Qumulo Puts Its File-Based Storage Solution on AWS
Qumulo, a provider of highly scalable file-based storage solutions, is extending its flagship offering to users of the Amazon Web Services (AWS) cloud.
The Qumulo File Fabric (F2) is now immediately available on AWS, the company announced Tuesday. Designed for companies with data-intensive workloads -- Qumulo's current customer base includes medical research universities and entertainment conglomerates -- QF2 has the capacity to store billions of files amounting to petabytes worth of data at a third of the cost of traditional storage solutions, according to the company.
Other QF2 features include support for data mobility across cloud and on-premises environments, real-time analytics, and continuous cross-cluster replication. The solution runs on Qumulo's proprietary data management system, which it said is optimized specifically for file-based data.
Prior to Tuesday's announcement, Qumulo's file-based storage offering was available only on custom physical appliances. Its availability on AWS now lets customers take advantage of capabilities enabled by the cloud, including serverless computing, machine learning and GPU arrays, Qumulo said.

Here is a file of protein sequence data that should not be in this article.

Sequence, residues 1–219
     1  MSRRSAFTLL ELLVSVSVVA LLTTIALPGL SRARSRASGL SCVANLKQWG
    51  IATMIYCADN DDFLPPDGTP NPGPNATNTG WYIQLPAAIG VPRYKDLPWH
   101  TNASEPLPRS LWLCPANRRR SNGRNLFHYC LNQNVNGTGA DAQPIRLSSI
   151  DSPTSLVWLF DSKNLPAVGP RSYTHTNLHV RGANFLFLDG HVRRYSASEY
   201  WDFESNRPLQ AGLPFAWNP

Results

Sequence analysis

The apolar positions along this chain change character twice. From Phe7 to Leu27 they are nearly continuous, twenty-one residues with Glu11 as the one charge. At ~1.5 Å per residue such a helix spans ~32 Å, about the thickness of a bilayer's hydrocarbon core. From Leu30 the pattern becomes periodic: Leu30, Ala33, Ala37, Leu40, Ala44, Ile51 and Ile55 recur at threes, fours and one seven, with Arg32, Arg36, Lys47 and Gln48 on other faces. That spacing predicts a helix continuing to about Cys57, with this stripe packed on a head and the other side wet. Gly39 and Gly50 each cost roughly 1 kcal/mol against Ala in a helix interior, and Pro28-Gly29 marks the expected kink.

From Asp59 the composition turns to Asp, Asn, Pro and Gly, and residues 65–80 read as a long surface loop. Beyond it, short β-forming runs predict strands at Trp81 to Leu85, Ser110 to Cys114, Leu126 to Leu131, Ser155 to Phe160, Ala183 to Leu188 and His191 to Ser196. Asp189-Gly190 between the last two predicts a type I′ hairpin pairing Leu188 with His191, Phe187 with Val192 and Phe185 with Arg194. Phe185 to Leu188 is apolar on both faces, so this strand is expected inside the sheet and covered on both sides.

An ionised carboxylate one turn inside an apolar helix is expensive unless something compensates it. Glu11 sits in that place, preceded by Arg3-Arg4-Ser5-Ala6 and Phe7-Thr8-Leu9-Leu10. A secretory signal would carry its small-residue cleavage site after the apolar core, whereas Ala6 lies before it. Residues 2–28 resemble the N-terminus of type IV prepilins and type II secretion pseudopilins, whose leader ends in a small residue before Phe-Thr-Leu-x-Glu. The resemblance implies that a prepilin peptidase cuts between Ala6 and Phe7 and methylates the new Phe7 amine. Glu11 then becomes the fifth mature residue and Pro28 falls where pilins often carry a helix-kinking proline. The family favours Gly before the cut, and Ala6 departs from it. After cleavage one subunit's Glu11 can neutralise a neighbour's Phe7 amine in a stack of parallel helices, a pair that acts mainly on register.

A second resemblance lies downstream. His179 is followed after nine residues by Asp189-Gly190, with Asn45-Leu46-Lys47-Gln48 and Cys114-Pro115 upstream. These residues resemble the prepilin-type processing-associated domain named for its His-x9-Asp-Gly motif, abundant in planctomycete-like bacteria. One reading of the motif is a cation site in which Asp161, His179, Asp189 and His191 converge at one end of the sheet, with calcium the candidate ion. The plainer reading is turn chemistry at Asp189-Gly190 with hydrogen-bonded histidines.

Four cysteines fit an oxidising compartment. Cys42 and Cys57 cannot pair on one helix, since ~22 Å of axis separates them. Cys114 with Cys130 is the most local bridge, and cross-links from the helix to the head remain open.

"Businesses are looking for solutions that can help them move and share file-based workloads between the data center and the cloud," said Founder and CTO Peter Godman in a prepared statement. "We recognized an opportunity to fill this gap in the market with a more intelligent file storage system designed for the demands of the modern enterprise by scaling both performance and capacity on the cloud, with no hard limits."
QF2 on AWS is available in two flavors. There's a no-cost standalone mode with up to 5TB of storage capacity. For more intensive workloads, there's a cluster mode that accommodates clusters between four to 1,000 instances. Pricing for cloud users is determined based on the length and capacity of usage.
More information on QF2 on AWS is available here.
Gladys Rama (@GladysRama3) is the editor of Redmondmag.com, RCPmag.com and AWSInsider.net, and the editorial director of Converge360.